Mix these guys in a pan: 1/4 cup organic coconut oil, 1/3 cup maple syrup, 1/4-1/2 cup crunchy peanut butter,  1/2 teaspoon salt, 1 teaspoon cinnamon.  Stir.  Cook a few minutes until you think it isn't going to do anything different.

 While that is simmering, get a big huge bowl (Pyrex for vintage feels) and dump in: 4 cups organic oats, 1/4 cup ground flaxseed, 1/2 cup unsalted peanuts, 1/2 cup sunflower seeds.  Mix it all up.

Dump the warm liquid into the dry crunchy.  Mix all over until everything looks so happy.

Pour onto two stainless steel (seriously, do not give yourself Alzheimer's with the aluminum baking pans) baking sheets and spread out.

Bake for 20 minutes, rotate pans, bake for 20 more minutes.  You may need a little longer than that, but check it at the 40 minute mark.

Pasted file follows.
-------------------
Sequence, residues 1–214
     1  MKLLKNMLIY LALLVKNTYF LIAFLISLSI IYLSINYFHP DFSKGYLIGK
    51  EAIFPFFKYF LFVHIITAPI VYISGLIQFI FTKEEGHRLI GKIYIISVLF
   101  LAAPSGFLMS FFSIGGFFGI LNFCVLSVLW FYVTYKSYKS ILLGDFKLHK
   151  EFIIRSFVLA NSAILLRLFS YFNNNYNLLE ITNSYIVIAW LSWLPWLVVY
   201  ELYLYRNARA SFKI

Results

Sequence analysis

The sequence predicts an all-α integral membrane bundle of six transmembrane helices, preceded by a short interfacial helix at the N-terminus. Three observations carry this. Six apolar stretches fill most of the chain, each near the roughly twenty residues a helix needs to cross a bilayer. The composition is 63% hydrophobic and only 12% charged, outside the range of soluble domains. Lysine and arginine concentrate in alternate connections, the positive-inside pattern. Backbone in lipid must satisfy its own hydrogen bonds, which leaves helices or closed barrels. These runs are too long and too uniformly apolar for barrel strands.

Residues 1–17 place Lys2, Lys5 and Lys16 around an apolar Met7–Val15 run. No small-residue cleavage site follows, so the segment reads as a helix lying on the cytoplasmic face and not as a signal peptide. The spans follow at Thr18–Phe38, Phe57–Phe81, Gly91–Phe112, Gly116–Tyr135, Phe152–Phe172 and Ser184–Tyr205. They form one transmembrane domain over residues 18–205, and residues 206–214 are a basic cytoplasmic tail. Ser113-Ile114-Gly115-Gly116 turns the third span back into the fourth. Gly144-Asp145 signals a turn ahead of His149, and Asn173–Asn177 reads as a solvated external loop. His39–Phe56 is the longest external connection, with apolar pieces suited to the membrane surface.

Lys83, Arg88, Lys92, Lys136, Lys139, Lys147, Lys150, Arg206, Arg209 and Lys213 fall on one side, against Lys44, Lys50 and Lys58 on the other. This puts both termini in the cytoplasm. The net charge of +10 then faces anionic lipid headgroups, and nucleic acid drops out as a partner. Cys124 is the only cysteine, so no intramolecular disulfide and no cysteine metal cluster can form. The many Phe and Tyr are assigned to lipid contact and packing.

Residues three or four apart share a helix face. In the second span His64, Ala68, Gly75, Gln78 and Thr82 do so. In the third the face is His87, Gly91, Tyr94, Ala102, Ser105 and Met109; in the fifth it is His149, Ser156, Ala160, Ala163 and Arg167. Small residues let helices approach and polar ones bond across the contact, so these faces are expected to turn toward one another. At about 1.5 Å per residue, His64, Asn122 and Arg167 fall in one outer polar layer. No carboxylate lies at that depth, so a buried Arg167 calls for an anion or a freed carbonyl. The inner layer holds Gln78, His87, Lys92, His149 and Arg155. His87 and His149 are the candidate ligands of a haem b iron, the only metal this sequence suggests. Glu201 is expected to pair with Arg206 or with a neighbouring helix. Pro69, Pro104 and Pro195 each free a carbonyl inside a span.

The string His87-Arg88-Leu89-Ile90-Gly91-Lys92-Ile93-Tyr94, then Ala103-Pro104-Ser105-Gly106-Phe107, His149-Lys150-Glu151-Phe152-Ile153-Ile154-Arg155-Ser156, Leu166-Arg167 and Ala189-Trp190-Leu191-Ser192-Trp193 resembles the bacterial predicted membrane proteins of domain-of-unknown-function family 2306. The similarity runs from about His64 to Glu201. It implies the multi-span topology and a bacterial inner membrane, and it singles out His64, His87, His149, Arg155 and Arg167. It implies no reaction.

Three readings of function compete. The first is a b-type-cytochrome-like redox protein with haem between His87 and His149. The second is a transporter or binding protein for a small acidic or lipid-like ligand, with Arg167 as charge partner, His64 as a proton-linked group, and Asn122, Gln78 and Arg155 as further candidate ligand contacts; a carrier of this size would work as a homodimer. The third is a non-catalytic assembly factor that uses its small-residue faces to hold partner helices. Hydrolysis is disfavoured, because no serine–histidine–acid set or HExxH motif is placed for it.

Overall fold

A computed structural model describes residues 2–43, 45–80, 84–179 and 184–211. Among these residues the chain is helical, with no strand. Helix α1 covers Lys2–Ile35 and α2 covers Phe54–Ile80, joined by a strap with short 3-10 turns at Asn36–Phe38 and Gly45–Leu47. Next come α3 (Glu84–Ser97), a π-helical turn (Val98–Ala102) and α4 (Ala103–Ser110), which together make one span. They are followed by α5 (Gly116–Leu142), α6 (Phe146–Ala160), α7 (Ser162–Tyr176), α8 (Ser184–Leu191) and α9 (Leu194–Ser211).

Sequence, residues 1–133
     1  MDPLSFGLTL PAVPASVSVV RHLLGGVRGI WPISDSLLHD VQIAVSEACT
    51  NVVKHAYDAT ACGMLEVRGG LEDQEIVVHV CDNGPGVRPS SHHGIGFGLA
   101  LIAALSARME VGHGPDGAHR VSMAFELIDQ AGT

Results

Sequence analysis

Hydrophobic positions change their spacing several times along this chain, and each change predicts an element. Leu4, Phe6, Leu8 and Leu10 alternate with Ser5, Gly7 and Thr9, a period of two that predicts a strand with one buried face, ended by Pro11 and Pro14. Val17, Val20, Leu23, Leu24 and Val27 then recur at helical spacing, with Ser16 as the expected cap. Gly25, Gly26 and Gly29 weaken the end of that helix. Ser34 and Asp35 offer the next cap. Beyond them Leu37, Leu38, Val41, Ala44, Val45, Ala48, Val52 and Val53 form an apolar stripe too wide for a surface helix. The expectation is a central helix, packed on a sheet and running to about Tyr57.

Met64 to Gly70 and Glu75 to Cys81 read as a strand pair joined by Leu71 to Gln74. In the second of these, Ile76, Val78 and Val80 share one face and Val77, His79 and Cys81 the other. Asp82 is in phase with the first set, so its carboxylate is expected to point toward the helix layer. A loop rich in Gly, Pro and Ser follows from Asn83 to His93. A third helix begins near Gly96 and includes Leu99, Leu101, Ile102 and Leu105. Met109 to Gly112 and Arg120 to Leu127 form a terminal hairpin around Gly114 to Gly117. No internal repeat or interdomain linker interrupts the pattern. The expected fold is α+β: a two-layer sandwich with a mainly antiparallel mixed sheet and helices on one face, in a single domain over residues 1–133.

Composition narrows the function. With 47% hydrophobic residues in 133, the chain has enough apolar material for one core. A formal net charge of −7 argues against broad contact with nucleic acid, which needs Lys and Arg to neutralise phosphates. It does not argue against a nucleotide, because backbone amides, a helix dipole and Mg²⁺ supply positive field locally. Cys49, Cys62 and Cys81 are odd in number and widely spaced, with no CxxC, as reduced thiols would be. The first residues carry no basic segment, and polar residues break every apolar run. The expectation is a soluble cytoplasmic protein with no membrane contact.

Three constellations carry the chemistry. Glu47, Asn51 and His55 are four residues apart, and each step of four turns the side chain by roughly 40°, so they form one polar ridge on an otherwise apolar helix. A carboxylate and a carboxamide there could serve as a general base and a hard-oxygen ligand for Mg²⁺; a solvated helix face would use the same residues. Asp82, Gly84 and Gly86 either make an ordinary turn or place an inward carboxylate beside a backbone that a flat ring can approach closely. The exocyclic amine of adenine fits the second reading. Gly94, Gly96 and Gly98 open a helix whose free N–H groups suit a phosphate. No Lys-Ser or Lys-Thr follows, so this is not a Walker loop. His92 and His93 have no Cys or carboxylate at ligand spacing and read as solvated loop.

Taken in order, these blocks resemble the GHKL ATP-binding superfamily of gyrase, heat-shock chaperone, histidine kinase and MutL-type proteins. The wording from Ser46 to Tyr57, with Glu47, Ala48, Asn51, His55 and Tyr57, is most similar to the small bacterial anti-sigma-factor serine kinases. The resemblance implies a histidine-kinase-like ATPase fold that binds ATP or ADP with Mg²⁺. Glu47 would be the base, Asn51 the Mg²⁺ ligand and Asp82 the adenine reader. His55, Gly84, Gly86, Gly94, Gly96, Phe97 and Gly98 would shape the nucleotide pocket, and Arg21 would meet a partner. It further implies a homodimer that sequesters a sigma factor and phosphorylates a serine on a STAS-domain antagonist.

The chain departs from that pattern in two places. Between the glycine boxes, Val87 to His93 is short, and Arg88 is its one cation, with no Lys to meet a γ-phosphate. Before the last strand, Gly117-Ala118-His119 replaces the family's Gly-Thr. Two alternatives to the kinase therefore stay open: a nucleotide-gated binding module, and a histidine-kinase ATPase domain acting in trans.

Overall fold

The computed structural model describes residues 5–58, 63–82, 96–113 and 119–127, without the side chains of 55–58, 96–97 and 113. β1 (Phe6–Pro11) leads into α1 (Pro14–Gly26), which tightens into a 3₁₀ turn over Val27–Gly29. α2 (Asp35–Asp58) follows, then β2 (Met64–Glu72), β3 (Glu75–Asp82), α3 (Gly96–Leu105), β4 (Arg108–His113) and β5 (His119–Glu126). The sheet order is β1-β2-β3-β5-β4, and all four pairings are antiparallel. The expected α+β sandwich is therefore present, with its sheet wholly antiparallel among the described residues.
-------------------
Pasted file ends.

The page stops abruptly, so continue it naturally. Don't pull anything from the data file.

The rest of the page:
Let it cool.  Add a bunch of non-soy dark chocolate chips.  I like Enjoy Life brand because they don't have any allergens.  This is how I made it the first time, but I would add shredded coconut to the final mix because dark chocolate and coconut are bae together.  It would benefit the overall flavor to double the peanut butter and make it 1/2 cup instead of a wimpy 1/4.

I did not eat this for breakfast, and I won't because I am an egg and toast kind of girl, but it is an amazing dessert.  I poured it over my organic, grass-fed, whole milk plain yogurt and ate it until I thought I might make myself throw up.  Moderation?  I doubt it.

If you try it, let me know how you like it.

Peace, love, and actual granola,
Ms. Daisy